Wednesday, 28 October 2009

UPDATE: Leaked: The Commission's EU budget review

UPDADTE 12 Nov. 2009: It looks like this story has been burried because the Commission has no guts to stand against the interest of farmers!

After the recent leak of the Presidency proposal for the Stockholm Programme, has now published a leaked draft EU budget review (PDF) by the Commission.

The first and most notable quote is that "the Commission considers that a root and branch reform of the budget is needed". In other words, the EU budget as it stands is completely outdated and needs an extreme reform to stand the demands and necessities of these days.

Then, the document focuses on five priorities the new budget design should focus on:
  • generation of European added value
  • concentration on key priorities
  • greater flexibility and responsiveness
  • simplification and efficiency of delivery
  • fairness and added value in the financing of the budget
I won't go into details of these five different points, especially because they are the same as always when somebody proposes to review a budget.

In fact, the whole document is fairly general, and so let me focus on some conclusions and points that are more concrete and that I find important enough to highlight:
  • cohesion funding needs to be made according to clear conditionality and it also needs to be performance-oriented (p. 12)
  • funding shall become more competitive and focus on cross-border activities (p. 13)
  • the climate and energy change budget should be adapted to the goals set, inter alia by making the cohesion and agriculture spending "climate proof" (p.15)
  • "considerably more funds" for transport infrastructure are needed (p. 16)
  • a "significant reduction" in agricultural spending (p. 17) and a possible co-financing of direct aids by member states (p. 19) are foreseen
  • the neighbourhood policy funding shall be reinforced (p. 20)
  • the EU needs closer co-operation regarding migration and a Migration Management Support Fund should be established (p. 23)
  • on page 24 there are a number of interesting measures to increase flexibility in the budget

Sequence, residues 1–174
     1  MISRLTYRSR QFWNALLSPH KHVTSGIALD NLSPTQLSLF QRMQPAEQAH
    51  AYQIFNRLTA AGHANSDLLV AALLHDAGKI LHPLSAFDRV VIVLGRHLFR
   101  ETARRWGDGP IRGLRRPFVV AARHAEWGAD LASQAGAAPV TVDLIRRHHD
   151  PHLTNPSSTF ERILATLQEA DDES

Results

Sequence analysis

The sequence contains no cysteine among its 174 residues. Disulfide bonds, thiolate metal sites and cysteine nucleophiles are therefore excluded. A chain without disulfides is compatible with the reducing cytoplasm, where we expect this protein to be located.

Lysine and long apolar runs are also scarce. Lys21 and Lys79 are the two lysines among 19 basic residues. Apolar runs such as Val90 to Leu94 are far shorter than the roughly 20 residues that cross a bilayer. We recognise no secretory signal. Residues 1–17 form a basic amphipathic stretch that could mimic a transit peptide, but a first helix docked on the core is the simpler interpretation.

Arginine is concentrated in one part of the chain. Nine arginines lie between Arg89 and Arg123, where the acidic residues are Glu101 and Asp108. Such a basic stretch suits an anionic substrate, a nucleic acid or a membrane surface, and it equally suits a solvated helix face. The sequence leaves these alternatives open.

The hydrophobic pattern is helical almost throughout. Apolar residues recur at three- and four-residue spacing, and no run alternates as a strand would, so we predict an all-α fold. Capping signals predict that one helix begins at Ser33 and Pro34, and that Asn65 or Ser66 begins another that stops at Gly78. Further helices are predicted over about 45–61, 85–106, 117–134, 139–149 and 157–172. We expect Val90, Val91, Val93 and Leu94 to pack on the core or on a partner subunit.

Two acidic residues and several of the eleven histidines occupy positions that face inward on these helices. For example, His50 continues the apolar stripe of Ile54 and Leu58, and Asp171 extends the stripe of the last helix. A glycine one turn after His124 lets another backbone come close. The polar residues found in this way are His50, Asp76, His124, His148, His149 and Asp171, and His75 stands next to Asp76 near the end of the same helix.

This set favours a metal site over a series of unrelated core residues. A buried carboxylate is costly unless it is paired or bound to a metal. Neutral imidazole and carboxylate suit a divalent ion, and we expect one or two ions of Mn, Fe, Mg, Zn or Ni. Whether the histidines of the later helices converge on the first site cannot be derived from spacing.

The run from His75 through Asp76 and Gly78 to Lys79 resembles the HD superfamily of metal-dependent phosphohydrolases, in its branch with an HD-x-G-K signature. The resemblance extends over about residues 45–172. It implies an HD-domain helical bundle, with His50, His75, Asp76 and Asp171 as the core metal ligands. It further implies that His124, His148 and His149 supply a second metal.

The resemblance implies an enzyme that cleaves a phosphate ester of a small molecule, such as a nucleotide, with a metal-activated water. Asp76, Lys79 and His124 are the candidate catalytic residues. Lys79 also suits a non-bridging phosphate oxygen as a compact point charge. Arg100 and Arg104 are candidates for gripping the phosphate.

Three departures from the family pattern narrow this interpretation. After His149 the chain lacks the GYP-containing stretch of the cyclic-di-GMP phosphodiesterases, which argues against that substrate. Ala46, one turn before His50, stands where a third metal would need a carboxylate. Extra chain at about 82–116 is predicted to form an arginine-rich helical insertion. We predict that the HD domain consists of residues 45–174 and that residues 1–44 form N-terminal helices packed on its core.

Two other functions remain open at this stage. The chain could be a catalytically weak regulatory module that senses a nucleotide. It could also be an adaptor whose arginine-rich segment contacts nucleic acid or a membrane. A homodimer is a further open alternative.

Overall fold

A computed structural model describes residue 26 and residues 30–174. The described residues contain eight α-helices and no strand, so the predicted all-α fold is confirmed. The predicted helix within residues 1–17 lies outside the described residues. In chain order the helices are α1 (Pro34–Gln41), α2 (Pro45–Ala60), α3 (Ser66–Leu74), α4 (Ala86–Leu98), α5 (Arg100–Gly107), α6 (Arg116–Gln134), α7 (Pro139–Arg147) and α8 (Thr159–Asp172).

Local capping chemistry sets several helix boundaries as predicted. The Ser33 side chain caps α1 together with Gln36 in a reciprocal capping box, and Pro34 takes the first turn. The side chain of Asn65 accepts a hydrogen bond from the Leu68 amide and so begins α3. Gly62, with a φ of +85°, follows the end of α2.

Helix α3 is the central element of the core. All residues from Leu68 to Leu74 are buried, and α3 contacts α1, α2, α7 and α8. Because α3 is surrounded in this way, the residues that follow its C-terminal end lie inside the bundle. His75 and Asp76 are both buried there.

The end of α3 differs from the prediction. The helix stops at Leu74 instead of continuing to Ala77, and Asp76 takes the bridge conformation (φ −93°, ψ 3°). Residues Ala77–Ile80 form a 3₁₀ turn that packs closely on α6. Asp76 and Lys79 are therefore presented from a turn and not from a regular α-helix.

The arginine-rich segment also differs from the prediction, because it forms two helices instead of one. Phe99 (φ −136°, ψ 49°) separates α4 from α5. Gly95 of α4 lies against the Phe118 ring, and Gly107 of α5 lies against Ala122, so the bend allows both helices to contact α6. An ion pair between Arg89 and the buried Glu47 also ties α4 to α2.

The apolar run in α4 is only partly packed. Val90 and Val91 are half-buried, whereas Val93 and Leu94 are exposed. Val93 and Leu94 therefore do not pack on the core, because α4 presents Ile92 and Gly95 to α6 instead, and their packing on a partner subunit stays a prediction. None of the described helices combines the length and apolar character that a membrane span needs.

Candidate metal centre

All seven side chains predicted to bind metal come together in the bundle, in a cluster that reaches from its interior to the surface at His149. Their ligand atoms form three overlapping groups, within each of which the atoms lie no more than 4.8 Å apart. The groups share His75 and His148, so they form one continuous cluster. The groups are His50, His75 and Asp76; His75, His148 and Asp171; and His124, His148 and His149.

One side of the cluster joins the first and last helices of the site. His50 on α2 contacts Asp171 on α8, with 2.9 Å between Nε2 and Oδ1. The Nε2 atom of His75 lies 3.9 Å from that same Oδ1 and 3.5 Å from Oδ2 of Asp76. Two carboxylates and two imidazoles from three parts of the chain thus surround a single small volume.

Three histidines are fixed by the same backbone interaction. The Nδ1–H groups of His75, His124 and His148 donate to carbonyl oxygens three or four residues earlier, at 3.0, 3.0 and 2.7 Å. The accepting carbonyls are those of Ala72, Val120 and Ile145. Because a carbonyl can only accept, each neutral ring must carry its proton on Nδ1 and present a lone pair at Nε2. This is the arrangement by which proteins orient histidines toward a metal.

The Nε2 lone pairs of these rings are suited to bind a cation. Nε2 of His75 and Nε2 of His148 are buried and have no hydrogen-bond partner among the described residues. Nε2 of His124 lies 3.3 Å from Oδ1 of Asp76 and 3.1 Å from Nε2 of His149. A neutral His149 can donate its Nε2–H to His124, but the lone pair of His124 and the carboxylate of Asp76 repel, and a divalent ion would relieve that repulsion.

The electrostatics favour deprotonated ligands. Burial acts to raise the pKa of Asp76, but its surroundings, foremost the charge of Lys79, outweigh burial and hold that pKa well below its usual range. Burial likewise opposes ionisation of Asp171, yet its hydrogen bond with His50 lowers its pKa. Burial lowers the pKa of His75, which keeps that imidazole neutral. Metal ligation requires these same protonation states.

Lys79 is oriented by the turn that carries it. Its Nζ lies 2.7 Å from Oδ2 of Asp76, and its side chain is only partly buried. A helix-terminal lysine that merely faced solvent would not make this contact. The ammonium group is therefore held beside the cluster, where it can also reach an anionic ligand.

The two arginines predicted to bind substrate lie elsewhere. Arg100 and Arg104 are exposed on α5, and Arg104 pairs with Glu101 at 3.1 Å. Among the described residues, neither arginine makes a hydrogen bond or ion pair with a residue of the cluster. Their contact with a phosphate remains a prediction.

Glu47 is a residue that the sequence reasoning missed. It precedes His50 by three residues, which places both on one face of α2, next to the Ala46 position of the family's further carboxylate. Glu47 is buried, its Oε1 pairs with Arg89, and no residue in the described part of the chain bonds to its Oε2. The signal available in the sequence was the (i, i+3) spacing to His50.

• lighter procedures for smaller funds shall be applied (p. 25)
  • integration of national programmes and EU spending (p. 26) and more national co-funding (p. 27)
  • develop new financing resources for the EU that make it profit from its own successes (p. 29, 2nd para)
So this document is not about the size of the budget, but it is well about the principles that the EU budget programming should follow. Nevertheless, it is clear that the many addition budget issues mentioned will need a clear reduction in the CAP budget - something that is clear to everyone but the agriculture lobby (kindest regards to the milk farmers who waste our taxes and throw away our milk to pressure on our governments).

Altogether, I think the draft text of the document is quite ambitious in many regards but remains quite vague in many other instances too.

It also mixes policy-related points with an obvious political dimension and administrative issues that almost look self-evident. I am not sure whether this is very helpful because if you have seen diplomatic negotiations around such documents, the debates will concentrate on the policy issues and the most obvious administrative issues that could be tackled immediately are left aside and disappear in the jungle of diplomatic speeches and addenda.

And the CAP reduction will be a tough fight, and the Commission has all my support to fight hard!!

But I am not sure whether the Commission will be able to get this thing through (and we haven't even seen the final version of this document yet) and so by now all it is is nice talk that hasn't gone through the hands of the member states who will talk it down as they always do...